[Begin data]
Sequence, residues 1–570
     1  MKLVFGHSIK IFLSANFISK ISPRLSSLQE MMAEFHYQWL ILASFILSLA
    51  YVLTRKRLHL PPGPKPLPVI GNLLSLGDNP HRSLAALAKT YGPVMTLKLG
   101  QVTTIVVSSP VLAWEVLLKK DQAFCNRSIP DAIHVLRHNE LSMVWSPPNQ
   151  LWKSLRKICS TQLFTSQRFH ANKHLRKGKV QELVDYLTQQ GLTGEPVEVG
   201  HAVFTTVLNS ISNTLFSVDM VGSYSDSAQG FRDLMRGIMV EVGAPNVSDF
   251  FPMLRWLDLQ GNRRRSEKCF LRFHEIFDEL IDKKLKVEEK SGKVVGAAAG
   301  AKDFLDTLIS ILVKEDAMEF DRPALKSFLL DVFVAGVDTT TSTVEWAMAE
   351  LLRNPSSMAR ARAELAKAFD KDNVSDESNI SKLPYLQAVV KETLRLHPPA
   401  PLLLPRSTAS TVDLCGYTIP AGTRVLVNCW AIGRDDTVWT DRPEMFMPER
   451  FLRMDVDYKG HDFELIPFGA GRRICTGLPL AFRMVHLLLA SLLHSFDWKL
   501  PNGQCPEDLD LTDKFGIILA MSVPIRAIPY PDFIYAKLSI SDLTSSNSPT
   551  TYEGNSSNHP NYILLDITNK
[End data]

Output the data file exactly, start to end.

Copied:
Sequence, residues 1–570
     1  MKLVFGHSIK IFLSANFISK ISPRLSSLQE MMAEFHYQWL ILASFILSLA
    51  YVLTRKRLHL PPGPKPLPVI GNLLSLGDNP HRSLAALAKT YGPVMTLKLG
   101  QVTTIVVSSP VLAWEVLLKK DQAFCNRSIP DAIHVLRHNE LSMVWSPPNQ
   151  LWKSLRKICS TQLFTSQRFH ANKHLRKGKV QELVDYLTQQ GLTGEPVEVG
   201  HAVFTTVLNS ISNTLFSVDM VGSYSDSAQG FRDLMRGIMV EVGAPNVSDF
   251  FPMLRWLDLQ GNRRRSEKCF LRFHEIFDEL IDKKLKVEEK SGKVVGAAAG
   301  AKDFLDTLIS ILVKEDAMEF DRPALKSFLL DVFVAGVDTT TSTVEWAMAE
   351  LLRNPSSMAR ARAELAKAFD KDNVSDESNI SKLPYLQAVV KETLRLHPPA
   401  PLLLPRSTAS TVDLCGYTIP AGTRVLVNCW AIGRDDTVWT DRPEMFMPER
   451  FLRMDVDYKG HDFELIPFGA GRRICTGLPL AFRMVHLLLA SLLHSFDWKL
   501  PNGQCPEDLD LTDKFGIILA MSVPIRAIPY PDFIYAKLSI SDLTSSNSPT
   551  TYEGNSSNHP NYILLDITNK